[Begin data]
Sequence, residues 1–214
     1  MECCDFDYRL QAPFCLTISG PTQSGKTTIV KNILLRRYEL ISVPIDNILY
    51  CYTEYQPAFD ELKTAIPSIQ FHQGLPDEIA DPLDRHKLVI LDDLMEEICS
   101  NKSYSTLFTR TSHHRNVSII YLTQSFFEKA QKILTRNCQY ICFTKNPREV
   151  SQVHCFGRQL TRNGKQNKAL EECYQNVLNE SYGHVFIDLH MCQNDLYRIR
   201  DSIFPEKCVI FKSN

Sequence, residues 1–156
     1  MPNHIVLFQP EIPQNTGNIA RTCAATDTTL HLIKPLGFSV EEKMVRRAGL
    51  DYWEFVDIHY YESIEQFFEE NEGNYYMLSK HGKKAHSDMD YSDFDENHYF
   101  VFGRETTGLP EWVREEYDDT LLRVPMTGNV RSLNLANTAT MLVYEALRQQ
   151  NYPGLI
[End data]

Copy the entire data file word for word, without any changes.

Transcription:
Sequence, residues 1–214
     1  MECCDFDYRL QAPFCLTISG PTQSGKTTIV KNILLRRYEL ISVPIDNILY
    51  CYTEYQPAFD ELKTAIPSIQ FHQGLPDEIA DPLDRHKLVI LDDLMEEICS
   101  NKSYSTLFTR TSHHRNVSII YLTQSFFEKA QKILTRNCQY ICFTKNPREV
   151  SQVHCFGRQL TRNGKQNKAL EECYQNVLNE SYGHVFIDLH MCQNDLYRIR
   201  DSIFPEKCVI FKSN

Sequence, residues 1–156
     1  MPNHIVLFQP EIPQNTGNIA RTCAATDTTL HLIKPLGFSV EEKMVRRAGL
    51  DYWEFVDIHY YESIEQFFEE NEGNYYMLSK HGKKAHSDMD YSDFDENHYF
   101  VFGRETTGLP EWVREEYDDT LLRVPMTGNV RSLNLANTAT MLVYEALRQQ
   151  NYPGLI